Government failing the unemployed: ANCYL
The ANC Youth League has responded to the latest unemployment figures with a double-barrelled blast at the government for its apparent failure to demonstrate the “commitment” and “clear will” required to deal decisively with the jobless plight of young South Africans.
Stats SA’s latest Labour Force Survey, released on Tuesday, indicated that formal unemployment rose to more than 25 percent in the first quarter of 2012, up from 23,9 percent in December. And National Treasury figures put youth unemployment – 18 to 30 year-olds – at about 42 percent, compared to 17 percent for those older than 30.
Still recovering from the power vacuum left by the recent expulsion of its president, Julius Malema, the new youth league leadership, under deputy Ronald Lamola, issued a strongly worded statement on Sunday night accusing the ANC government of “managing the status quo” without seeking to “fundamentally alter the structure of the economy”.
Structural change would require the “nationalisation of strategic sectors and the commanding heights of the economy”, including “greater ownership and control” of, among others, petrochemical giant Sasol, which in 2009 had estimated assets of R153 billion, equity of about R88 billion – much of this owned abroad – and more than 30 000 employees worldwide.
The youth league also wants the state to “own and control” the “cement industry” as well as steel giant ArcelorMittal SA, which has a foreign stock ownership of about 53 percent, while the Public Investment Corporation and the Industrial Development Corporation together hold about 17 percent of the shares.
And there should be a "reliable state oil company" and a “State Bank”, which would have an undefined “relationship” with the Reserve Bank.
President Jacob Zuma’s administration should also do away with constitutionally protected property rights so that the state can “expropriate property, particularly land, without compensation for redistribution in the public interest and for public purpose”.
Finally, the government should enact “urgent policies” to help communities grow their own food and feed themselves and their immediate schools, hospitals and prisons, the league urged. Referring to the league’s “economic freedom march” from Johannesburg to the Union Buildings last year, the league said it was still waiting for a response from “those in power”.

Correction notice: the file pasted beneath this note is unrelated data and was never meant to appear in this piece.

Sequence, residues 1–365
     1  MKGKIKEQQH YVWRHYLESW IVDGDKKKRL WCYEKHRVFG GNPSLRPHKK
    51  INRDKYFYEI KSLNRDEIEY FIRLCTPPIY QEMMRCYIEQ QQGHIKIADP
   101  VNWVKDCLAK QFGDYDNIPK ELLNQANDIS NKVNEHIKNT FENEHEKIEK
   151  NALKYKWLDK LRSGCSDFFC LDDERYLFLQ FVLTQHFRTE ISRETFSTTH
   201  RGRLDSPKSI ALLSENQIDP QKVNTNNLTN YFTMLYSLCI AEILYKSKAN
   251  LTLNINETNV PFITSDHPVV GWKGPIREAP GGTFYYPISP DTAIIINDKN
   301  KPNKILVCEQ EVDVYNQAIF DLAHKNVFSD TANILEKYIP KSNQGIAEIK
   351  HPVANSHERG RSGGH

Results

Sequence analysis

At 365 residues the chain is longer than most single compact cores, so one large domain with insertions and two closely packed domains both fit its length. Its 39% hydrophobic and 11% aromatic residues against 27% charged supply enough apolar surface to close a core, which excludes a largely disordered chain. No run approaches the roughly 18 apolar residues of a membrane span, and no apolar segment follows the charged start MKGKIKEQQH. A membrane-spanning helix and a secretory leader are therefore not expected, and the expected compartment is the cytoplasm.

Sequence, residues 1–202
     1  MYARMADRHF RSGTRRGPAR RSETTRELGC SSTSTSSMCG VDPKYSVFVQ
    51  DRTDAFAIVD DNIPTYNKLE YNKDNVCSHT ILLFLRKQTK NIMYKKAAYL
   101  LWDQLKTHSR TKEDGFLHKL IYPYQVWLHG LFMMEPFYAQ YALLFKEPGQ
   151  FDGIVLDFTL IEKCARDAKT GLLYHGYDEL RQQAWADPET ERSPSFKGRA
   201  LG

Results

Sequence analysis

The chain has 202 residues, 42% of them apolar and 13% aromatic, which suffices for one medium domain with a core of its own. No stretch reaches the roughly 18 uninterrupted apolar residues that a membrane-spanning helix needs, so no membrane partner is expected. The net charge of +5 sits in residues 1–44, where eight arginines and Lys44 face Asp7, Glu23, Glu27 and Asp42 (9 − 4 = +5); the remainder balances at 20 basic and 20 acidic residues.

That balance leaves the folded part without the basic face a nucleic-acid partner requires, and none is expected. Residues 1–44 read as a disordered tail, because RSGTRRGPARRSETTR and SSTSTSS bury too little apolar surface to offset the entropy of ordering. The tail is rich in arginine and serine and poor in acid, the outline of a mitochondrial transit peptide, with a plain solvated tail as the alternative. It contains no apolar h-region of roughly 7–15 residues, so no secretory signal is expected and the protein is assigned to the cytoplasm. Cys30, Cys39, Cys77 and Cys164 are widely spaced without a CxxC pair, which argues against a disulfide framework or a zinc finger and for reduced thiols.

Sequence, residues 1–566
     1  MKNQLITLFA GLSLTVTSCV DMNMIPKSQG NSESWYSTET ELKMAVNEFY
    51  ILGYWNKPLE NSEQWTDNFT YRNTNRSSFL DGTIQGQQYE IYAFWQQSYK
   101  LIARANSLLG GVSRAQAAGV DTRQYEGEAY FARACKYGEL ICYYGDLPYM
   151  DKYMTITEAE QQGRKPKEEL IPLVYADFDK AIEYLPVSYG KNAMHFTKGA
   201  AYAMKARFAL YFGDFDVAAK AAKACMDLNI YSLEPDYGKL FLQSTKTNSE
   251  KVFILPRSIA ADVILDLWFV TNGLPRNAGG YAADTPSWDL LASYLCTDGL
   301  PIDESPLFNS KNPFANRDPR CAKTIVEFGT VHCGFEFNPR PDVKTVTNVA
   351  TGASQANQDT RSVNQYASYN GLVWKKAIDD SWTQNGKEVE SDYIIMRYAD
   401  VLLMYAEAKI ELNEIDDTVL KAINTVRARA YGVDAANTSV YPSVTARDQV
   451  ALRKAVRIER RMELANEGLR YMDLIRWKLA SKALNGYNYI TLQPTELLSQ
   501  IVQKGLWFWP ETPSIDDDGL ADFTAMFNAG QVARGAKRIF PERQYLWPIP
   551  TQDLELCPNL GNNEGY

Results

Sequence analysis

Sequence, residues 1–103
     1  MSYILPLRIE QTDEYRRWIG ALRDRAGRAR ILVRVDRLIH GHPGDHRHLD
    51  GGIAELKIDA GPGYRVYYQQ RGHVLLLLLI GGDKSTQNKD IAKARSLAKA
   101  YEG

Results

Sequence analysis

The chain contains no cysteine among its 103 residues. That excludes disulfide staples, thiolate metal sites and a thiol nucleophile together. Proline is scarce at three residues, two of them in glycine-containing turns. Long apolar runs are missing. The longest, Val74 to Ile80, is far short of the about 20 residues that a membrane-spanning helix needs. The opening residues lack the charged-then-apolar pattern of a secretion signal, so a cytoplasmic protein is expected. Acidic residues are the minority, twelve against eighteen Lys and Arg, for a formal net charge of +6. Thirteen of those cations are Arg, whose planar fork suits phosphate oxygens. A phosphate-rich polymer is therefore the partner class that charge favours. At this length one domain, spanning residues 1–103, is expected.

“For us, this demonstrates a lack of commitment and clear will to deal decisively with redress and the plight of youth”, said the league.
The league has also rejected proposals for a youth wage subsidy – to subsidise employers who take on young workers – as designed to “incentivise capital greed”. It said this policy would create a “permanent reserve of youth casualties in a two-tier labour market” and would “undoubtedly lead to an entire generation delivered to mass exploitation...”
The league’s nationalisation calls have found support from Limpopo premier and Malema ally, Cassel Mathale, and KwaZulu-Natal premier Zweli Mkhize, who was re-elected to another term in Newcastle this weekend. But other ANC leaders, including cabinet ministers Pravin Gordhan, Malusi Gigaba, Susan Shabangu and Trevor Manuel, have all publicly warned that asset grabs could lead to capital flight and disinvestment in South Africa.
A task team appointed by the ANC to explore the issue stopped short of endorsing nationalisation, but has suggested the party discuss other options, such as a 50 percent tax on mining “super profits”. The youth league – and others in the ANC – appear determined to have the matter settled at the party’s policy conference planned for June.
The youth league has been calling for some of these policy changes for some time – notably under Malema’s leadership – but the tone of recent demands appears to have upped the ante just as the relationship between the ANC and its youth wing goes from bad to broken.
Last week, the leage fired treasurer Pule Madbe, who was seen to be jockeying to take over Malema’s job, and vowed to continue fighting, “using all available internal mechanisms”, for the re-instatement of Malema, suspended secretary general Sindiso Magaqa and spokesman Floyd Shivambu. Their seats on the league’s national executive committee will remain vacant in the run-up to the ANC’s elective conference in Mangaung, with Malema’s conspicuous absence rendering him symbolically powerful, at the very least.
And with the league openly demanding Zuma’s replacement at the party’s end-of-year gathering, the tussle for young – often jobless – constituents has intensified. This was demonstrated by Zuma’s warning this weekend at the party’s KwaZulu-Natal conference, where he told delegates that “there are many youth leagues... but this one belongs to us”.
“The fact stands: This is the ANC’s youth league and the ANC has the final word”, Zuma said.